Indeed, Prof Ahmed believes the adoption of innovative technology can actually encourage young doctors to stay in the profession.
“Doctors are leaving the profession. A lot of them don’t like it. Why is that? What can we do better to keep them? They want to have a varied life, they want to be portfolio doctors, they want to have a balance of life,” he said.
“So what is it we need to do for them to keep them attracted? What you need to do is teach them about the skill sets that are changing healthcare — not being afraid of change, rather than being a one-dimensional doctor.”
Prof Ahmed believes training institutions have an important role here too.“When a doctor comes to medical school at age 18 or 22, they have other skills sets,” he said.
“Some of them can do coding or run businesses, some are artists; they have got talents. We never see that. All we say is ‘here is anatomy, physiology, chemistry etc, off you go, this is your remit’.
“Actually, that is not medicine. Humanity has much more depth. It is music, it is fashion, art, it is engineering and computer science. So what about those skill sets? What are they, why aren’t we using them? How do we support them more?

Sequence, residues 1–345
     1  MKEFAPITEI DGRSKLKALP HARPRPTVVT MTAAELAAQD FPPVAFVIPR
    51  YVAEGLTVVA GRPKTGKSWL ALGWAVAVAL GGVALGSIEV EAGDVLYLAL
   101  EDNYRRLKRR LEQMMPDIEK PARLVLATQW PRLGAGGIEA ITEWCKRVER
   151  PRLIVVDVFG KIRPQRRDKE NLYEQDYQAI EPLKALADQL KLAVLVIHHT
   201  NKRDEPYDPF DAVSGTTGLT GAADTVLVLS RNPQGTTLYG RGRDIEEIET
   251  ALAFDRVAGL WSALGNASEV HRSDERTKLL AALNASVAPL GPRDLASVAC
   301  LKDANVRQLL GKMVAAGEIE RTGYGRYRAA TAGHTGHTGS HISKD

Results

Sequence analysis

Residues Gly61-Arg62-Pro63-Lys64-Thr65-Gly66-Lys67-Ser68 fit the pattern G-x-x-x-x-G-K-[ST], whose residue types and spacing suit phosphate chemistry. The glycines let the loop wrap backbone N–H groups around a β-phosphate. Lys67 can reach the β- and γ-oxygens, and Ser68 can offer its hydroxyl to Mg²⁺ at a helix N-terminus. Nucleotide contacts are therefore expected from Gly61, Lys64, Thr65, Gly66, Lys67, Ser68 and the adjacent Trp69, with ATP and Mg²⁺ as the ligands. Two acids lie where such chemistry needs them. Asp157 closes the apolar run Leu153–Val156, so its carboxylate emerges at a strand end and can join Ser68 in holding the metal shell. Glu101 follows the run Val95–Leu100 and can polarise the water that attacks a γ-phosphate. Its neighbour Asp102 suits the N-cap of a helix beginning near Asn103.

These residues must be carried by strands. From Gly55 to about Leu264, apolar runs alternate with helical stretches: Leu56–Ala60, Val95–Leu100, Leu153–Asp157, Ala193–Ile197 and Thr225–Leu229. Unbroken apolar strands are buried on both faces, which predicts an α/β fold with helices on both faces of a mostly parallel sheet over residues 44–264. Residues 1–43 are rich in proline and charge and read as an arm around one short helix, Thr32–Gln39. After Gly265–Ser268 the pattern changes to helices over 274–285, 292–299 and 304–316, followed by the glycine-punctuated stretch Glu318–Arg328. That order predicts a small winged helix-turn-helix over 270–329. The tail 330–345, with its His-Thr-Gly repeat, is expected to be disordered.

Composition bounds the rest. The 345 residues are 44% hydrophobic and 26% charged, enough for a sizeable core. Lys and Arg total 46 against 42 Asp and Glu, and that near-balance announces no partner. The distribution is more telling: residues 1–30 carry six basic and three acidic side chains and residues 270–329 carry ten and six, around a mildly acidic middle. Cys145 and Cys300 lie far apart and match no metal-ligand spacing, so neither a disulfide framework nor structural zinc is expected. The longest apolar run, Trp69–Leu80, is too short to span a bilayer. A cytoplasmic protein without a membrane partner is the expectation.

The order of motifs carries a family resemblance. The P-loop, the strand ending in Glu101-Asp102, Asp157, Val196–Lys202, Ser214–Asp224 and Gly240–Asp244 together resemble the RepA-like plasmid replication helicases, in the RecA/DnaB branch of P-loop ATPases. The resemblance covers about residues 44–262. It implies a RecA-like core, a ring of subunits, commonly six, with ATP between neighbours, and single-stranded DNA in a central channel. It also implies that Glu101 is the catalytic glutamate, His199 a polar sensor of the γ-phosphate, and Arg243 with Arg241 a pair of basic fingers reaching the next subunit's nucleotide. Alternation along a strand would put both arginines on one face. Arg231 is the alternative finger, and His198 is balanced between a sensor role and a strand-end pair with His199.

“So we have to be sure that the doctor of the future is trained in a way that supports them. At the moment, the doctor’s forté is clinical targets; ‘how many patients are you seeing, what is the outcome of that, how many outpatients?’ etc. Target, target — it hasn’t changed. There is a failure because we often don’t think of the human behind the targets.”
Prof Ahmed is evangelical when it comes to the changes that have been seen with technology and medicine, but stepping back and taking a wider view, is this any different from other major developments in the history of medicine?
“This is the most significant time ever, I think,” replied Prof Ahmed confidently.
“If you look at the big changes that have happened before, the (onset) of the antibiotic era, sterilisation that allowed us do more surgery, anaesthesia — there have been big changes that each time [they happen] allow you do more things. But the issue is that it is just one change at a time.
“But this is a whole load of technologies. We have never been in this position before where so many things have impacted.”
Prof Ahmed accepts there are ethical, legal and other potential challenges in this area.
Will a surgical robot have to face a fitness to practise tribunal, for instance?